Tacitus: The Histories, Volumes I and II eBook

This eBook from the Gutenberg Project consists of approximately 352 pages of information about Tacitus.
rewards lavishly and, as men do when they are frightened, beyond all limits.  He had hitherto refused the title of Caesar,[159] but he now expressed a wish for it.  He had a superstitious respect for the name, and in moments of terror one listens as much to gossip as to sound advice.  However, while a rash and ill-conceived undertaking may prosper at the outset, in time it always begins to flag.  Gradually the senators and knights deserted him.  At first they hesitated and waited till his back was turned, but soon they ceased to care and openly showed their disrespect.  At last Vitellius grew ashamed of the failure of his efforts and excused them from the services which they refused to render.

FOOTNOTES: 

    [145] This incident was probably another historical
          commonplace.  See the story from Plutarch (ii. 46, note 316),
          which is also told by Suetonius and Dio.

    [146] The prefects of the Guards (cp. ii. 92).

    [147] At Misenum. (Leg.  II Adjutrix.) The Ravenna marines were
          on the Flavian side (see chap. 50).

    [148] i.e. the rest of the Guards (2), with the city garrison (4),
          and police (7) (cp. ii. 93).

    [149] i.e. granting them special privileges denied to other
          communities in the same province.

    [150] A sort of ‘half-way house to Roman citizenship’.  Full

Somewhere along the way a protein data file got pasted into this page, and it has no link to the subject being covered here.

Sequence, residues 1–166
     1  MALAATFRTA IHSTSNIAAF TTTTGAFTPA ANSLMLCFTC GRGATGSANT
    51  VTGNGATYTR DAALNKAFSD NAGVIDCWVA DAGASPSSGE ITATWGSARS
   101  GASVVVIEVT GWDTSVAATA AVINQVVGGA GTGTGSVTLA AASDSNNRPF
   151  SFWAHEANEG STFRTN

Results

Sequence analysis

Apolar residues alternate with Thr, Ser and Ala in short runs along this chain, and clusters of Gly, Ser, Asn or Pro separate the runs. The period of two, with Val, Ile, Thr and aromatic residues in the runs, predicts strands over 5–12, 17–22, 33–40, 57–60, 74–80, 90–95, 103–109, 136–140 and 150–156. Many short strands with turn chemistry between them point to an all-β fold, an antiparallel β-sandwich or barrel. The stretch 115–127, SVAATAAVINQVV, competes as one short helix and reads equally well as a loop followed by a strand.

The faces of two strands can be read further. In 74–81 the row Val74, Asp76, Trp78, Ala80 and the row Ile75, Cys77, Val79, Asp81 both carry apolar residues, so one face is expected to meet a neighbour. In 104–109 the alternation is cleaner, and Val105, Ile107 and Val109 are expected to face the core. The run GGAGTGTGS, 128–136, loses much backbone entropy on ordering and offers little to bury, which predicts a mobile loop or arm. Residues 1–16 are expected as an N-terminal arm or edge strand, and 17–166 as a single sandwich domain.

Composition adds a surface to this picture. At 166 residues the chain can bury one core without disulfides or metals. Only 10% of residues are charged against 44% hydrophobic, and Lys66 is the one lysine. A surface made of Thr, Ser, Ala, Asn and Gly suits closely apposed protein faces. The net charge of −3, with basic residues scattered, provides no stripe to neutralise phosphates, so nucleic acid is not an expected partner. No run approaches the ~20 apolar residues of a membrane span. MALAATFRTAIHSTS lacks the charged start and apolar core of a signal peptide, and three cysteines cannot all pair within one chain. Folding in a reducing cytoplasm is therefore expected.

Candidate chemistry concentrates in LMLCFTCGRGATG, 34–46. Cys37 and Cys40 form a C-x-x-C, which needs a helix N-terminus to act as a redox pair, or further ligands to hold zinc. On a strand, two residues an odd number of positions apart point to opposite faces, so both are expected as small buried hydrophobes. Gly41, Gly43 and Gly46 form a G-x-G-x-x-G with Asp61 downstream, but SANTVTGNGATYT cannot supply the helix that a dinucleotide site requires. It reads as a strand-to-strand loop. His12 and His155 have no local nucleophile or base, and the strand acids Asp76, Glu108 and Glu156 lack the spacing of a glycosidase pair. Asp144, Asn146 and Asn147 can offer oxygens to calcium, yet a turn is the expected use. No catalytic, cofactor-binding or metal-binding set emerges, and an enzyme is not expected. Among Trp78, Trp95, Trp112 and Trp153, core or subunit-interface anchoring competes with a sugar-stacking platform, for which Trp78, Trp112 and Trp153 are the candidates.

commercial rights were included but not those of
          intermarriage.  It was possible for individual citizens in a
          Latin town to obtain the full rights of a Roman.

    [151] Bevagna.

    [152] Dio makes them vultures and the scene a sacrifice:  they
          scattered the victims and nearly knocked Vitellius off his
          pulpit.

    [153] Described in the following chapter.

    [154] He had succeeded Bassus (iii. 12).

    [155] Near the mouth of the Liris.

    [156] Horace’s ‘Anxur perched on gleaming rocks’.  It lay near
          the Pontine marshes on the Appian way.

    [157] Narni.

    [158] Priscus and Varus (see chap. 55).

    [159] i. 62, ii. 62.

THE PASSAGE OF THE APENNINES

The occupation of Mevania[160] had terrified Italy with the 59 prospect of a revival of the war, but Vitellius’ cowardly retreat[161] sensibly strengthened the popularity of the Flavian party.  The Samnites, Pelignians, and Marsians were now induced to rise.  They were jealous of Campania for stealing a march on them, and the change of masters, as so often happens, made them perform all their military duties with the utmost alacrity.  But in crossing the Apennines Antonius’ army suffered severely from the rough December weather.  Though they met with no opposition, they found it hard enough to

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